UN leader on PM’s invitation to Jewish history lesson: No thanks

The United Nations Special Coordinator for the Middle East Peace Process turned down on Saturday Israeli Prime Minister Benjamin Netanyahu’s idea to give a history lesson to United Nations personnel, after UNESCO called on Israel to respect the Muslim freedom of religion in a document that completely omitted any Jewish historical connection or religious significance to the site.

Last month, UNESCO “strongly condemn(ed) the Israeli aggressions and illegal measures against the freedom of worship and Muslims’ access to their Holy Site Al-Aqsa Mosque/Al-Haram Al Sharif,” the third holiest site in Islam.

For Jews, who refer to the area as the Temple Mount, it is the holiest site in the religion.

Netanyahu was furious that the Jewish term for the site was not mentioned and terming the resolution “absurd” and stating that it “ignores the unique historic connection of Judaism to the Temple Mount, where the two temples stood for a thousand years and to which every Jew in the world has prayed for thousands of years.” On Friday, he proposed to “personally organize” what he termed “a seminar on Jewish history for all UN personnel in Israel” and for diplomats.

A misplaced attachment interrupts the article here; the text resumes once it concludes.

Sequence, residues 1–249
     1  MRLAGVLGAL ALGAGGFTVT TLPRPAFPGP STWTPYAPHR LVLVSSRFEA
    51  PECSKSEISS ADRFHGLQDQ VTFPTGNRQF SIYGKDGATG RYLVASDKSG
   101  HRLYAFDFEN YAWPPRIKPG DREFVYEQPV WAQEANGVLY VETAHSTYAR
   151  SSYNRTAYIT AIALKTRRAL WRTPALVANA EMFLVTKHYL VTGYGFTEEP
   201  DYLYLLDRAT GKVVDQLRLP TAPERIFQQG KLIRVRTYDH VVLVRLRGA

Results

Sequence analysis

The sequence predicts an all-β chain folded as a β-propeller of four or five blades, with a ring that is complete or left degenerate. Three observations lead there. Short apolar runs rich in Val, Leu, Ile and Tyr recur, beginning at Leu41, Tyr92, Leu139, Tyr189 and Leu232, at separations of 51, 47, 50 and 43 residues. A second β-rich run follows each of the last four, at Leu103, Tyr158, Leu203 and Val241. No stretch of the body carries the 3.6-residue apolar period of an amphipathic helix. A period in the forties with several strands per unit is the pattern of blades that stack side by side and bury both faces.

No thanks, responded the United Nations Special Coordinator for the Middle East Peace Process, Nickolay Mladenov, the next day.

“If somebody wants to send invitations, he can address them to Paris and to the member states’ ambassadors to UNESCO there,” he stated in a communiqué. “The UN personnel in Jerusalem knows very well the history of the region, of its people and of its religions.”